Thursday, March 14, 2019

April is Occupational Therapy Month

Activities directors, caregivers, and healthcare professionals,here is some great information

Here is a great dementia resource for caregivers and healthcare professionals,

Your residents will love the Amazon Kindle Fire

Here is information on being the best caregiver you can be

Here is a way for nurses administrators, social workers and other health care  professionals to get an easyceu or two

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The Dementia Caregiver's Little Book of Hope [Kindle Edition]


According to an article in “Age and Ageing” from 2004 in volume 33, pages 453-460, “occupational therapy interventions for elderly people in the community results in positive outcomes.” Nearly one-third of occupational therapists (OTR) and certified occupational therapy assistants (COTA) work with the geriatric population. They do a lot of types of treatments and activities, using many strategies. The main goal of helping those in the geriatric population is for them to regain or maintain the highest level of independence possible. It is the hope of most elderly people to stay in their homes as long as possible.

Occupational Therapy

Occupational therapy commits to improving and maintaining the highest level of function possible of its clients so that people can have healthier, more productive and satisfying lives. Occupational therapy dedicates itself to quality health care which includes disease prevention, staying well and rehabilitation services for individuals across the lifespan. As people age, they use more occupational therapy services as a rule.


Occupational therapy has been proven effective for the geriatric population, with a number of medical conditions and surgical recoveries. Besides working with individual people to increase their strength and regain important life skills, occupational therapists work with a geriatric community to counsel families, local governments and community groups to make sure that each group is doing its part to help older adults maintain their independence.


The most common diseases, conditions and surgical recoveries that OTRs and COTAs are involved in for the elderly include: arthritis, chronic obstructive pulmonary disease (COPD), stroke, broken shoulder, wrist, hip and knee replacement as well as repair or replacement of these body parts, depression, diabetes, sensory impairments and dementia. The key in geriatric care is to avoid these injuries and illnesses to begin with. To do this, OTRs and COTAs focus on adapting and modifying the performance of activities of daily living that have become difficult or impossible to do because of age-related changes, disorders or disabilities. Occupational therapy provides help with other activities that relate to geriatric clients that still work. They also find ways for elderly patients to be involved in leisure and social activities that are dependent upon the patient's capabilities and interests.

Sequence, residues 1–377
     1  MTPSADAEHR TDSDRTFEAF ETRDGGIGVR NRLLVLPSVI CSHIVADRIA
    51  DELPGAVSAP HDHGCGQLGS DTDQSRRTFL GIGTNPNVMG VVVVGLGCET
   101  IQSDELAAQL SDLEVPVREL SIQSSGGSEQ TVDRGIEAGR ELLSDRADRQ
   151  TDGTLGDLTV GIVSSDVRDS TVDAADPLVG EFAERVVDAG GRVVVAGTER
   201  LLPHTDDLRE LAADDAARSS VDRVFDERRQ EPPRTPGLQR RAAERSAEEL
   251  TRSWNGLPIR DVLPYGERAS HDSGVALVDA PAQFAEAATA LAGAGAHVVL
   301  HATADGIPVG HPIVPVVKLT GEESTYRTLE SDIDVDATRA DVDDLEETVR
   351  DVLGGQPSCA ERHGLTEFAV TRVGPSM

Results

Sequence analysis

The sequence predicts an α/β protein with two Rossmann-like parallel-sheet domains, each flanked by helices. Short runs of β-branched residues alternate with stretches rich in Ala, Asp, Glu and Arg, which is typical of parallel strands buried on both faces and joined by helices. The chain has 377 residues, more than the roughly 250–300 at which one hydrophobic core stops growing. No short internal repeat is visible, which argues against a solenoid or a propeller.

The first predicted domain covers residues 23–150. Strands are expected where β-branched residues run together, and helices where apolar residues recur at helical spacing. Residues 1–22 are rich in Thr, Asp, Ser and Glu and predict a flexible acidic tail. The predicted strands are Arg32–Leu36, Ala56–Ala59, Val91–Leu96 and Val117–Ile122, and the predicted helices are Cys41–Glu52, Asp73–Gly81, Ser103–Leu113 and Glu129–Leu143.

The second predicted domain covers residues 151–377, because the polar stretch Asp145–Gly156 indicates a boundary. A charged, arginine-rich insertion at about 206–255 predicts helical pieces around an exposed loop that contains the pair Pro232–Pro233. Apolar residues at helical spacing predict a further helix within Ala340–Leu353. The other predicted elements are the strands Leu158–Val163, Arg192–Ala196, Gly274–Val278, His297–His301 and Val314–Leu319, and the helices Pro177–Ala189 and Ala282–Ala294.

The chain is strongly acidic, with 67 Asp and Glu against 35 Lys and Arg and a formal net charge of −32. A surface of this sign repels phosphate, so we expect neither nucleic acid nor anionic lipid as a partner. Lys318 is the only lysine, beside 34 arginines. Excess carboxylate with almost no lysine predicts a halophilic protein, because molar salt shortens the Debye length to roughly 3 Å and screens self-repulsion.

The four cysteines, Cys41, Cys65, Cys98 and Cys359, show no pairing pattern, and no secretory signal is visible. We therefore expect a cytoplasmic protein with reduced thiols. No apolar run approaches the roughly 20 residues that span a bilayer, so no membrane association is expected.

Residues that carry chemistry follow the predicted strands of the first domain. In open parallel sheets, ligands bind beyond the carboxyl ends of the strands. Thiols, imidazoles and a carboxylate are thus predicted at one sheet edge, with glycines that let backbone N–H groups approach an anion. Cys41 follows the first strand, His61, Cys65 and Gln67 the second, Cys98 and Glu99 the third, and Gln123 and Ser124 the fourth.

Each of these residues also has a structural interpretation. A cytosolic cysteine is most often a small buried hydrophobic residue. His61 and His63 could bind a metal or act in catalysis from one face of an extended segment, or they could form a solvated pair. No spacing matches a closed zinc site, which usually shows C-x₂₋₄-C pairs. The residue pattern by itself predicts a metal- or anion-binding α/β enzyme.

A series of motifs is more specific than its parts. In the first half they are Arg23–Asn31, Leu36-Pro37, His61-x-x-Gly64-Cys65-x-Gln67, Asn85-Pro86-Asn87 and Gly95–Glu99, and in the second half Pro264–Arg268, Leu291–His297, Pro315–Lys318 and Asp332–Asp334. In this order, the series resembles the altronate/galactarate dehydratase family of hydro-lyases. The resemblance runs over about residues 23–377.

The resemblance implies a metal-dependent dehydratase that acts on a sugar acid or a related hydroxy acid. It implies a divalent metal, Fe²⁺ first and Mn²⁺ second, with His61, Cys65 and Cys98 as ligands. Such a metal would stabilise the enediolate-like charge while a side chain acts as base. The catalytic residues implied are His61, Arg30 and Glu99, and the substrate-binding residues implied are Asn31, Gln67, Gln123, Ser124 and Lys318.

It is the aim of occupational therapy to improve the ability of elderly people so they can stay in their home. If institutionalized care is required, occupational therapy can enhance their lives there by helping them to maintain their highest level of function there, even if full recovery from a health issue is not possible.

Activities Of Daily Living

Occupational therapy focuses on ADLs because they are necessary for independent living. The basic ADLs include: going to the bathroom, bathing, grooming, dressing, eating and moving from one surface to another, such as moving from a chair to a bed or bathtub. Instrumental ADLs require more complex thinking. These tasks include things like preparing meals, using the telephone, operating a computer, managing finances and medications as well as cleaning; doing laundry, going shopping, and other errands, traveling from one place to another, which includes driving. Driving is quite complicated because it includes integration of visual, physical and mental tasks and being able to coordinate these tasks, which may be mild to moderately impaired as you age. Occupational therapy may help geriatric clients with other activities to help reduce the risks of social isolation and its detrimental consequences. They do this by assisting geriatric patients to maintain social activities they know and encouraging involvement in new ones as well as providing ways to promote continued learning and other mind-stimulating activities, which help promote feelings of self-worth and may help prevent dementia.

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